By trying to replicate in the most accurate way the proportions and realistic features of the human body, artists such as Leonardo da Vinci with its Vitruvian Man have indeed helped explaining and confirming entire civilisations’ comprehension of the human anatomy. Underlying these methods also lied the eternal desire to portray the beauty and aesthetic of human nature.
 

What about female nude in art ?

 
 

During the Renaissance, other famous Italian artists such as Giorgione developed a new, sensual approach in female nude representation.
With suggestive artworks representing unclothed women, artists purposely started to blur the line between goddesses and contemporary women.
As the heirs of a culture of poetry and mythology, Italian painters of the 16th century produced artworks which embodied the love and eroticism that flourished in the Renaissance movement. Titian’s Venus of Urbino and Venus with an Organist and Cupid are a perfect illustration of female nudity used in the 17th century as a sensual evocation of the lost Golden Age.

While Titian, Giorgione and Correggio contributed to make female nudity one of the most popular themes in European art, female models have not been used as much as males by great European Academies until the next decade. For instance, unlike British Academies which started to regularly use female models in the 18th century, the French Académie Royale waited the 19th century to balance the use of male and female models in their work. British artists such as William Etty thus illustrate the earlier popularity of female nude art in Britain compared to its southern European neighbours.

Female nude art then continued to grow in popularity with the emergence of impressionism at the end of the 19th century.
French painters such as Auguste Renoir or Edgar Degas each represented female nudity with differing biases : the first being for instance precise and delicate, the other assuming a less sentimental point of view.

The 20th century finally marked the area of liberation and assumed provocation. Picasso’s four Avignon prostitutes deliberately painted in provocative poses embody the rejection of the traditional idealisation of the female body. Eventually, the latter adopted more classical positions in other artworks throughout his life, thus illustrating the endless duality of Western nude painters between their desire to transcend accepted ideas and their classical roots.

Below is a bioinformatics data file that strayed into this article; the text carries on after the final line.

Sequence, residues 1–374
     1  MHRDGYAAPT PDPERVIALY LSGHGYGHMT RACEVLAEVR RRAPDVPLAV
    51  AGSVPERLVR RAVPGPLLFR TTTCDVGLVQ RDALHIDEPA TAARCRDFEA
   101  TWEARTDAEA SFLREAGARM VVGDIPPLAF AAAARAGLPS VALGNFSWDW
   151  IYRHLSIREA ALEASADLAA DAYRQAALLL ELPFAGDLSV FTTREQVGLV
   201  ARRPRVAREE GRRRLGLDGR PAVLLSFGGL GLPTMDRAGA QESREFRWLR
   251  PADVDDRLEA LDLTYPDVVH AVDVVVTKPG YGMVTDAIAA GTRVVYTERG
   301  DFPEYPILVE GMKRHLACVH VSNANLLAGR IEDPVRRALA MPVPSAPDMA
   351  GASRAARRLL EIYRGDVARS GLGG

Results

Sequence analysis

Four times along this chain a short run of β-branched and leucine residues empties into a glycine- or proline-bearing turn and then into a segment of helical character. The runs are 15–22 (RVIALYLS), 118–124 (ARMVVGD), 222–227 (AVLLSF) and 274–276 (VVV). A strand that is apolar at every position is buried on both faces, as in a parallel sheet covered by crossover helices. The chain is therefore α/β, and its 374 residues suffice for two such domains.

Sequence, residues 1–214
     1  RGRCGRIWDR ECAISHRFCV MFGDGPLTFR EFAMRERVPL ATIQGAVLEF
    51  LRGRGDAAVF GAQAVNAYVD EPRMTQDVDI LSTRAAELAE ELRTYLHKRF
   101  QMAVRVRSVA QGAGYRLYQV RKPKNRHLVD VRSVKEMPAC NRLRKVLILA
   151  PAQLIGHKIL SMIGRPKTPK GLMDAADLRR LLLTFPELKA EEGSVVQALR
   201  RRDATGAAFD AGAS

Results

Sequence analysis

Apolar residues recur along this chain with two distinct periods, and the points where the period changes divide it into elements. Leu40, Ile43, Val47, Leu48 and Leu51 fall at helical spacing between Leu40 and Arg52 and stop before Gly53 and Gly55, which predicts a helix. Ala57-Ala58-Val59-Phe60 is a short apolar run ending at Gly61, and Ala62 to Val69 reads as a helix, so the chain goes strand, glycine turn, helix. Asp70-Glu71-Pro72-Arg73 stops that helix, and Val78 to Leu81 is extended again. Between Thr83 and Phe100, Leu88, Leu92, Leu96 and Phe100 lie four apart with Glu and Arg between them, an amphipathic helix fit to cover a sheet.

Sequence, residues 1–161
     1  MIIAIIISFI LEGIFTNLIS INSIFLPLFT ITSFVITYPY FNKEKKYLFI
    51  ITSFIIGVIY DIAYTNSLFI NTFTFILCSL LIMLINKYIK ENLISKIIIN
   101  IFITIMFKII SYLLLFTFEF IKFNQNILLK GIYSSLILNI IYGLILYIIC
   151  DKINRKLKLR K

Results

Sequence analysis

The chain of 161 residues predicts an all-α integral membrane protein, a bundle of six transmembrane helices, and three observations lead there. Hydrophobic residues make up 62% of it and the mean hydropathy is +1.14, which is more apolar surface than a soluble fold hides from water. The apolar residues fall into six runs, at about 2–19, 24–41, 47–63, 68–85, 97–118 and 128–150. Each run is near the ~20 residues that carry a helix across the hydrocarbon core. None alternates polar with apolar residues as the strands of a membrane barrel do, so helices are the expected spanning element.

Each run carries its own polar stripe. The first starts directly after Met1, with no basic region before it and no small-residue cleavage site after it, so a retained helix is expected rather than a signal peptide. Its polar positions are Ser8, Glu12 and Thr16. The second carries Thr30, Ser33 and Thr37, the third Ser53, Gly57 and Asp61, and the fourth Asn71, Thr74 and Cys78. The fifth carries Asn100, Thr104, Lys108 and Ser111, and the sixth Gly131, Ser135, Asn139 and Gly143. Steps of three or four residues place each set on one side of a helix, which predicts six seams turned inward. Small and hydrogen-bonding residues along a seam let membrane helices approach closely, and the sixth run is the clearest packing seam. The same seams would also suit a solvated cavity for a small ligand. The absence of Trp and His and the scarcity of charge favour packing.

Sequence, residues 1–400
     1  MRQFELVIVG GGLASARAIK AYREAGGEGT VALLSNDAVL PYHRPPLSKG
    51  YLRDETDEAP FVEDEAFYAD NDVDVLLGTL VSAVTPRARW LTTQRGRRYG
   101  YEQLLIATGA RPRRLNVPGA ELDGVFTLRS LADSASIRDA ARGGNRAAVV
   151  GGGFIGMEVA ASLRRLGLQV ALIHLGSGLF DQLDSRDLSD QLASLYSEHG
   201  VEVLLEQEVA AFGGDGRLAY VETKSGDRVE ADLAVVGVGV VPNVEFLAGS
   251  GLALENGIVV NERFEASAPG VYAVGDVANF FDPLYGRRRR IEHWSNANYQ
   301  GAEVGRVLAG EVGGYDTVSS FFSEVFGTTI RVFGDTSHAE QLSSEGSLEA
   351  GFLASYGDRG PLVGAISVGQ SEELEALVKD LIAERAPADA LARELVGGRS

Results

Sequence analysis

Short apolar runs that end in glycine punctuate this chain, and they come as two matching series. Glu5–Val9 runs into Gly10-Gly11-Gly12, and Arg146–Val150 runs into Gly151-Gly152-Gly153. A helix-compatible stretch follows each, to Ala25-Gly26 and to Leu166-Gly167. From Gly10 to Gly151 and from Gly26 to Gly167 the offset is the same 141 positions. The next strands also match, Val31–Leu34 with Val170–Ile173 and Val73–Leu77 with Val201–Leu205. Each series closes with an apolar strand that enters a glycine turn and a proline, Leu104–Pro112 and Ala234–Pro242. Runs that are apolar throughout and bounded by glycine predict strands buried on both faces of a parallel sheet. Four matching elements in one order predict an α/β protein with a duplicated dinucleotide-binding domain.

NF131 - Loussouarn Michèle

nf131 nude art by carré d'artistes

Why does nude art cause controversy ?

 
 

Historically, nude art is mainly a subject that has been addressed in Western art. And if nudity was no newcomer to the modern art world, Edouard Manet’s naked Olympia painted in 1865 has already drawn criticism in her time.
Unsurprisingly though, nude art is still a controversial topic more than a century later.

For centuries, nudity has been as fascinating as disturbing for both artists and people. And one of the reasons explaining this ambiguous relationship with nudity lies in details of paramount importance. Indeed, some think the offense of nudity is often caused by the recognisable aspect of subjects that started to emerge in the 20th century, as nude portraits entered the domestic space. For instance, Philip Wilson Steer’s « Black Hat » was often criticised and depicted as a provocative way to accentuate the nudity of the woman on the portrait.
 

2 pieces of nude art you need to know



David - Donatello


This artwork created between 1430 and 1450 is considered to be the first bronze male nude since antiquity. David is a statue that was carved in bronze and represents David with an enigmatic smile, entirely naked except for his helmet and boots.


The Birth of Venus - Botticelli (1485)


Often referred to as one of art history’s most famous nudes, this painting represents the arrival of the goddess Venus on the island of Cyprus after her birth.